- By Yochi Dreazen
Yochi Dreazen is a Managing Editor for News at Foreign Policy. He is also writer-in-residence at the Center for a New American Security. His book about military suicide was published by Random House's Crown division in 2014.
Prior to joining Foreign Policy, Dreazen was a contributing editor at the Atlantic and the senior national security correspondent for National Journal. He began his career at the Wall Street Journal and spent 11 years at the newspaper, most recently as its military correspondent. He was born in Chicago, and later attended the University of Pennsylvania. At Penn, he edited the award-winning daily campus newspaper and graduated Magna Cum Laude in 1999 with degrees in History and English. He was hired by the Wall Street Journal immediately after graduation. Dreazen arrived in Iraq in April 2003 with the Fourth Infantry Division, and spent the next two years living in Baghdad as the Wall Street Journal's main Iraq correspondent.
Dreazen has made more than 12 lengthy trips to Iraq and Afghanistan and has spent a total of nearly four years on the ground in the two countries, mostly doing front-line combat embeds. He has reported from more than 20 countries, including Pakistan, Russia, China, Israel, Japan, Turkey, Morocco, and Saudi Arabia.
In 2010, Dreazen received the Military Reporters & Editors association’s top award for domestic military reporting in a large publication for a series of articles about military suicide and the psychological traumas impacting veterans of the two long wars. His writing has appeared in the Washington Post, Smithsonian, Tablet and the New Republic and he appears regularly on TV and radio programs such as NPR's Diane Rehm Show and PBS' Washington Week with Gwen Ifill. Dreazen gives frequent lectures about journalism, the wars and current events to both civilian and military audiences.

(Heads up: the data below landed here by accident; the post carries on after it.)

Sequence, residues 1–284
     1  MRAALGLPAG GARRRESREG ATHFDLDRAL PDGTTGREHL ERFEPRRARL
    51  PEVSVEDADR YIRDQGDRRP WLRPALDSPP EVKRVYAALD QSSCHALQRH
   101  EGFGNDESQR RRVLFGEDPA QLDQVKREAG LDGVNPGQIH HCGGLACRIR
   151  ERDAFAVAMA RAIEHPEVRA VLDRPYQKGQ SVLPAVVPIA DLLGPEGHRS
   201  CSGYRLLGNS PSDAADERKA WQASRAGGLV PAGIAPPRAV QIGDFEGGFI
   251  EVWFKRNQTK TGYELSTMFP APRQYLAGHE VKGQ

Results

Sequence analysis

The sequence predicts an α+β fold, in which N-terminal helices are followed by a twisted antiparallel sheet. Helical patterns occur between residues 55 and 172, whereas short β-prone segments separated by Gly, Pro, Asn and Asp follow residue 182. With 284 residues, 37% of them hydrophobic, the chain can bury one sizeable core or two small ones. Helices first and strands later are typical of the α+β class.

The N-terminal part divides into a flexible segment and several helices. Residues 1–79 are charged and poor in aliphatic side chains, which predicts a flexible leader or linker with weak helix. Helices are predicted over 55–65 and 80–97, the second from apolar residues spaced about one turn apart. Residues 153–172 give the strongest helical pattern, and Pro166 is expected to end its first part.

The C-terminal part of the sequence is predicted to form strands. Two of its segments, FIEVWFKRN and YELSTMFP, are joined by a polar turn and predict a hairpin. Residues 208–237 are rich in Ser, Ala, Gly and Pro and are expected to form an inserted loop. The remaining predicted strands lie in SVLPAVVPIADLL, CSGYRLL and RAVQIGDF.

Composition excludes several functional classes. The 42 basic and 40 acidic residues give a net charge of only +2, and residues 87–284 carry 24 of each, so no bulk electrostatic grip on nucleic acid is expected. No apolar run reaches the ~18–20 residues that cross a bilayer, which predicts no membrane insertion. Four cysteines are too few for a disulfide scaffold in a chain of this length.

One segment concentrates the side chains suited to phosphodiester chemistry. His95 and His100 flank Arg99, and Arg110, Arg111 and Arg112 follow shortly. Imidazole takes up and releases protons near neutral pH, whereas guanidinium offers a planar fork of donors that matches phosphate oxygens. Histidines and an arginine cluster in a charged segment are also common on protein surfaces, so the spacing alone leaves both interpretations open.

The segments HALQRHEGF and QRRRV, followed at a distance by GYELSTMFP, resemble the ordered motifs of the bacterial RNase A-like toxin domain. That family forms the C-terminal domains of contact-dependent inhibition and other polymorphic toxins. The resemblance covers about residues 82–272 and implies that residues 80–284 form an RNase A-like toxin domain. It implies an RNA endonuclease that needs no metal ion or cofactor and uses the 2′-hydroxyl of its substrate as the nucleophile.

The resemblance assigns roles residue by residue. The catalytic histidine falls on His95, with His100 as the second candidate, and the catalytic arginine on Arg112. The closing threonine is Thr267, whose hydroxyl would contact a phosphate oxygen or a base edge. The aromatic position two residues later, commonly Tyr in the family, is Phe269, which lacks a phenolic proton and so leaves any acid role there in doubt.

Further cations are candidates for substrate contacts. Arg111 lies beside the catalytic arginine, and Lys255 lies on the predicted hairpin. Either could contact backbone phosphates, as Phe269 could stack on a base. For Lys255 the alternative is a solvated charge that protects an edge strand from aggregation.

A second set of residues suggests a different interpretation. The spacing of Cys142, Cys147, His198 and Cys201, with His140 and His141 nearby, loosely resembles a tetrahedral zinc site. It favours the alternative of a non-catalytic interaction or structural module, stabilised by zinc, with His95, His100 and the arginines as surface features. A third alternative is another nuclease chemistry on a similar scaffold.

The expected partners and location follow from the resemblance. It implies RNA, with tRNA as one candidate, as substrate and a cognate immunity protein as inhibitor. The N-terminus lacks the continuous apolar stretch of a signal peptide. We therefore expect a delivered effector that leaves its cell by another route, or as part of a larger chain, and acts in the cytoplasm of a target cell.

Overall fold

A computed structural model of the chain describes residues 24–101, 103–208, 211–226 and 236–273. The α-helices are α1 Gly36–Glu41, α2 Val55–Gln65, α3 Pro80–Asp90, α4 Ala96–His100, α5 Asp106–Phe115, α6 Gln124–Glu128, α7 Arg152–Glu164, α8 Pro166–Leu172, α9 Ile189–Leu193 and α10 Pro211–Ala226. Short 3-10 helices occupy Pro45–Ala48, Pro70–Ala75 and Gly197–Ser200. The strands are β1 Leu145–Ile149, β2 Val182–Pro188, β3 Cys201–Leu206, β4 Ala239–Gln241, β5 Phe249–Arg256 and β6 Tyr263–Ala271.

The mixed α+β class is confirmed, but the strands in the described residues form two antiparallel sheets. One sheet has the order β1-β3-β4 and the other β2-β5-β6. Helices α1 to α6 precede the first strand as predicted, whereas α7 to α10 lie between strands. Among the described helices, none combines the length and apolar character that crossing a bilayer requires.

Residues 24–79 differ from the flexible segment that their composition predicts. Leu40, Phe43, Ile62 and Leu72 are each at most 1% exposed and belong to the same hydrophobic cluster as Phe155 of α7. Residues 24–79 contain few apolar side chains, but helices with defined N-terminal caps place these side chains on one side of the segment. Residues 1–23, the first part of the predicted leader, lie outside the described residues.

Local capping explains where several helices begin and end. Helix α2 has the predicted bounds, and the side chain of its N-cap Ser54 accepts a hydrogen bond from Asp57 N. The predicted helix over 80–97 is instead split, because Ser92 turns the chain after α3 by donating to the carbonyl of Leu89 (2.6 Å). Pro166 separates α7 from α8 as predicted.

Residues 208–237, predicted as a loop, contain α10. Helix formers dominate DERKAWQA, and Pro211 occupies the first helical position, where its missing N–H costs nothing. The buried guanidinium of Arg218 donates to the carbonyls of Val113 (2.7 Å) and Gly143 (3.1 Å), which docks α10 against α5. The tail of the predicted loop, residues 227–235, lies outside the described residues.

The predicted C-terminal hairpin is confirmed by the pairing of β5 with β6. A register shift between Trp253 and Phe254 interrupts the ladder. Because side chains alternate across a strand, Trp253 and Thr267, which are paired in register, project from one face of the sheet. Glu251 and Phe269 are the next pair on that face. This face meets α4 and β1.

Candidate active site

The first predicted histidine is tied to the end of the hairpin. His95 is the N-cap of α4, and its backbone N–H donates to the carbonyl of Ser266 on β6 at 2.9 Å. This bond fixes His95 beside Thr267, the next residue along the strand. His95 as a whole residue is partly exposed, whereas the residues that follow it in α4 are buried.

Dreazen lives in Washington with his wife, Annie Rosenzweig Dreazen, and their beloved Golden Retriever, Charlie.
The Obama administration has decided to drop its initial pick for U.S. ambassador to Egypt, leaving a vitally important diplomatic post vacant during a time of unusually strong tensions between Washington and one of its most important Middle Eastern allies.
Sources familiar with the matter say that Robert Ford — the highly-respected, Arabic-speaking career diplomat and current ambassador to Syria — was withdrawn from consideration for the Cairo post after some representatives of Egypt’s military regime quietly indicated that they didn’t want him in the job because of his stated willingness to negotiate with some of Syria’s Islamist militants and political groups.
Secretary of State John Kerry tapped Ford for the post this summer, and the White House had hoped to formally nominate him early next year. Instead, people familiar with the situation say the administration has decided to keep Ford in his current job in Syria — and its primary intermediary to the country’s fractious opposition groups — and find a new pick for the high-profile Cairo slot. With the Senate out of session and mired in partisan deadlock, that could take months.
Obama administration officials confirm that Ford faced some opposition in Cairo, but said the primary reason that he won’t be getting the position is the importance of his current job as the primary U.S. liaison to Syria’s rebels. Ford has spent the past few months shuttling between Washington, Geneva and Istanbul as part of an effort to persuade opposition leaders to take part in peace talks scheduled for late January.